Encyclopedia of Shinto
詳細表示 (Complete Article)
|カテゴリー1：||8. Schools, Groups, and Personalities|
|カテゴリー2：||Medieval and Early Modern Schools|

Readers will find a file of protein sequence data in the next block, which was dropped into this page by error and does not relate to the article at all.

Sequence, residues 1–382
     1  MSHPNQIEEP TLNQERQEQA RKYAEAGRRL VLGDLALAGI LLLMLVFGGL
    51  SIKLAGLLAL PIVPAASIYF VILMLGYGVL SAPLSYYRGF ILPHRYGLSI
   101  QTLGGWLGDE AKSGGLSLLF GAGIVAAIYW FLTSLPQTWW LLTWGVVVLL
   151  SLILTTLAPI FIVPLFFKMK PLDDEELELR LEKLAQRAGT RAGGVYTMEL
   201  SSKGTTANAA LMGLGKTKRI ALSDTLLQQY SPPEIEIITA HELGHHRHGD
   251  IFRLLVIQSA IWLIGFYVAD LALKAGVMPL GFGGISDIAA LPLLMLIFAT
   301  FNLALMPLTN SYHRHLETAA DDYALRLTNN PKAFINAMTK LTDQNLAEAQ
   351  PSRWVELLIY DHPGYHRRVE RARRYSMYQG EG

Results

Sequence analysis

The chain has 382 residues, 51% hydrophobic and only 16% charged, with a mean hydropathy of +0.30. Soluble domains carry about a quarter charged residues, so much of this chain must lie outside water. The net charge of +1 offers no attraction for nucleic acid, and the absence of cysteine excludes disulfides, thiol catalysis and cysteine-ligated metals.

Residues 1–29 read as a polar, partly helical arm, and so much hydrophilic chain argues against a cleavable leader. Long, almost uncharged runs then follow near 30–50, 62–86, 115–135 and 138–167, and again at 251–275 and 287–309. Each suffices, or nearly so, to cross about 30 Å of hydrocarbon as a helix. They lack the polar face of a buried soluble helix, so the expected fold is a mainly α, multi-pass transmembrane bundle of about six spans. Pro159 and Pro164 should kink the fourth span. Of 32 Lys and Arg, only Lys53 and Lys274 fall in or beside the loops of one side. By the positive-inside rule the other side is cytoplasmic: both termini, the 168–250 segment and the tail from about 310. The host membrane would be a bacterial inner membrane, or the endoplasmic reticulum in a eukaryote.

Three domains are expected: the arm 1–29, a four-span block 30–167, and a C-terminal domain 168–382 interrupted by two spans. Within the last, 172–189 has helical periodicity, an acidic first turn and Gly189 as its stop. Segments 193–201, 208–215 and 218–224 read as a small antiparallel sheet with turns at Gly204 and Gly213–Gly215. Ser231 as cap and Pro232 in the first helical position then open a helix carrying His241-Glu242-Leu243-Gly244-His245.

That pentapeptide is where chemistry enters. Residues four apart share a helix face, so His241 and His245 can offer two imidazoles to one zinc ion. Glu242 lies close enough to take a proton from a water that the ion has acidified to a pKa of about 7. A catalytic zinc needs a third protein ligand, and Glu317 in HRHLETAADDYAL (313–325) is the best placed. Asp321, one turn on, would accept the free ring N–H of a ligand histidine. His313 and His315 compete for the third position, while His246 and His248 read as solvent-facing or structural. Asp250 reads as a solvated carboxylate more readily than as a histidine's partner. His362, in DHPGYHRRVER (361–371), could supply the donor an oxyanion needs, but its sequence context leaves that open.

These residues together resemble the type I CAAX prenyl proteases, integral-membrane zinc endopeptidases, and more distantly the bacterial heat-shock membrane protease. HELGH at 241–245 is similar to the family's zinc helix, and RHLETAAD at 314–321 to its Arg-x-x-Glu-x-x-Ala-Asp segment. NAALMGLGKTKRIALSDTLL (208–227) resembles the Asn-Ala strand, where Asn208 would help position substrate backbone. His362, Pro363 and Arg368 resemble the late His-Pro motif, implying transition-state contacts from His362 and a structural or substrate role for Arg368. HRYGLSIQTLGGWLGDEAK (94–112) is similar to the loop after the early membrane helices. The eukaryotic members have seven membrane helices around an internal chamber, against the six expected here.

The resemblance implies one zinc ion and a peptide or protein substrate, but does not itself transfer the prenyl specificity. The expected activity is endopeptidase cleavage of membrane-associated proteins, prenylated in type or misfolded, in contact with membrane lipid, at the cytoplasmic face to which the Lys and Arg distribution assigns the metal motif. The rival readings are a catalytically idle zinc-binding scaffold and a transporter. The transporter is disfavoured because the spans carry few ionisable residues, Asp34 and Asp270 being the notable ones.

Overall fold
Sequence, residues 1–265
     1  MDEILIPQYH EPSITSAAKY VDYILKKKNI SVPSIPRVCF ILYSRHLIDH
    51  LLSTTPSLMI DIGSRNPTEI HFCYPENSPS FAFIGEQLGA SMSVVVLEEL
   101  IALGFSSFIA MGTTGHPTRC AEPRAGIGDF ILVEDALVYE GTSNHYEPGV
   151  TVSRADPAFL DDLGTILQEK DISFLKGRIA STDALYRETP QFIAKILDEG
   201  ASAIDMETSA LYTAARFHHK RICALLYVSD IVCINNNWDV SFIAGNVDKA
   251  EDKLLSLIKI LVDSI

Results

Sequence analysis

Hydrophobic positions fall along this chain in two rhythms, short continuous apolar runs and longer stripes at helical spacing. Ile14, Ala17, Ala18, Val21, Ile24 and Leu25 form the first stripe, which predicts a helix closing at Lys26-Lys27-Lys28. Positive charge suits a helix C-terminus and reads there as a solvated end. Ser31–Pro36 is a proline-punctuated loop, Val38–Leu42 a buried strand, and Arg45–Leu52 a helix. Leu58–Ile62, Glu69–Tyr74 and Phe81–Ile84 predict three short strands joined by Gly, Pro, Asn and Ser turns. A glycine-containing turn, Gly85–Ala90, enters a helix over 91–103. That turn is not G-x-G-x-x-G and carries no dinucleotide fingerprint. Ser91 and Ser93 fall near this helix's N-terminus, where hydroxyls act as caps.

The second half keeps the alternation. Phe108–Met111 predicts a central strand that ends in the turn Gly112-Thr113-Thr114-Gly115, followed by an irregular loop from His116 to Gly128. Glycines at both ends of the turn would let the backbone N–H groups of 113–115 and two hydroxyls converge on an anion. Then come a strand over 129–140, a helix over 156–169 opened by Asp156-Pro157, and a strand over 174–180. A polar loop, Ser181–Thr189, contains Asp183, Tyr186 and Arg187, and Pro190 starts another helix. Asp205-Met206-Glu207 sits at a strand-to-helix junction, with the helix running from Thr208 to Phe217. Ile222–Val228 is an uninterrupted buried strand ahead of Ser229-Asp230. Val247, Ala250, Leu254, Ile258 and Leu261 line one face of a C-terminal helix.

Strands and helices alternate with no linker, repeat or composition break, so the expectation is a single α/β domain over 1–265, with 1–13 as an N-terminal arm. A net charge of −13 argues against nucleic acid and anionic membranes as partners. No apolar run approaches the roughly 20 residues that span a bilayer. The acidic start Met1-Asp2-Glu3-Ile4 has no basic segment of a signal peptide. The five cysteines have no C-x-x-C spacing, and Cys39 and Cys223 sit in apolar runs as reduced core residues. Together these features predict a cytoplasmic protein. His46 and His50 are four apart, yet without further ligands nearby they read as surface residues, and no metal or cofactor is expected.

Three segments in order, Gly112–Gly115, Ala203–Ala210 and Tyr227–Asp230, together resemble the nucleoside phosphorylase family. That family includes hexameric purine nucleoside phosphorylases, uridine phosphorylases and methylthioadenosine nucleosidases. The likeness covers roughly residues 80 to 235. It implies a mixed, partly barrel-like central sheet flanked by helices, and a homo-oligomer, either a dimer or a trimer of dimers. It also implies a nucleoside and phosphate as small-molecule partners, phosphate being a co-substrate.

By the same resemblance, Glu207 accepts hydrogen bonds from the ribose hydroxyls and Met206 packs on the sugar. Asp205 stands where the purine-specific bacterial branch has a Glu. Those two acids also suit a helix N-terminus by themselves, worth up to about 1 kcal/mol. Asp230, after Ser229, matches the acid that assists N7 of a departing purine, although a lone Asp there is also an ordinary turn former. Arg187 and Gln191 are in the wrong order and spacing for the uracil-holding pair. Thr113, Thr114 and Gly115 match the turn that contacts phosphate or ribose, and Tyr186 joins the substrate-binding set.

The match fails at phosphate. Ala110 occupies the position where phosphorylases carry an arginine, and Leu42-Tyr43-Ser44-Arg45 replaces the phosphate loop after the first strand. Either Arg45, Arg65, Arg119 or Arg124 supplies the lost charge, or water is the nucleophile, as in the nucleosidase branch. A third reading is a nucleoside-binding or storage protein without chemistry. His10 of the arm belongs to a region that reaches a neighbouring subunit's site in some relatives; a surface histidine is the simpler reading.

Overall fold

A form of Shinto belonging to the tradition of Ryōbu Shintō that developed primarily at Byōdōji and Ōgorinji (Ōmiwadera), temples serving as the "parish temples" (jingūji) of Ōmiwa Shrine in Nara Prefecture. The founder of Byōdōji, Kyōen (also read Keien, 1140-1223) is usually considered the creator of Miwa-ryū Shintō. However, while the Miwa Shōnin gyōjō, his only certain biography, does mention a few events related to the kami, it contains no indications that Kyōen established a clearly defined form of Shintō. Thus, scholars suggest that Miwa-ryū Shintō actually arose later in history. It is not clear to what extent this form of Shintō had existed during Kyōen's lifetime, but from the fact the Miwaryū jingi kanjō shi ki was copied in 1266, we know that the tradition had been developing since at least the mid-Kamakura period. However, the existence of Miwa-ryū Shintō at Miwa can be clearly attested only from the time of the reconstruction of the Ōgorinji (Ōmiwadera) —the original jingūji of Miwa shrine— by Eison (1203-1290); subsequently, Miwa Shintō developed there thanks to the efforts of Eison and members of his order (Saidaiji-ryū). The Saidaiji-ryū order also played an important role in the development of Ryōbu Shintō at Ise after Eison's pilgrimage to the Grand Shrines of Ise; it is thus likely that Eison's monastic order was responsible for a massive introduction of Ryōbu Shintō to Miwa. Among the early texts of Miwa-ryū Shintō is the Miwa Daimyōjin engi composed in 1318. It states that the kami of Ōmiwa is identical in essence to Amaterasu, thus attempting a fusion with the doctrines of Shinto practiced at Ise. Subsequently, the transmission of Miwa-ryū Shintō occurred especially at Byōdōji and Ōgorinji. Since the Kanekuni hyakushu uta shō (composed in 1486) mentions the Shinto of "Miwa Kyōen Shōnin" as one of the "four Shinto traditions" (shintō shiryū), we can assume that its existence was widely known by the mid-Muromachi period. Nevertheless, most Miwa-ryū texts existing today date from the Edo period, and many of them show the influence of Yoshida Shintō; as a result, we know little about the actual aspect of this tradition during the medieval period. However, with the publication of the Miwa sōsho and, more recently, of Miwa-ryū texts in the Ōmiwa jinja shiryō collection (vols. 5, 6, and 10), many primary sources have become more easily accessible. Further, studies such as Miwa-ryū Shintō no kenkyū, edited by the Ōmiwa Shrine, have also begun to appear, and we can expect new developments in research on this tradition in the near future.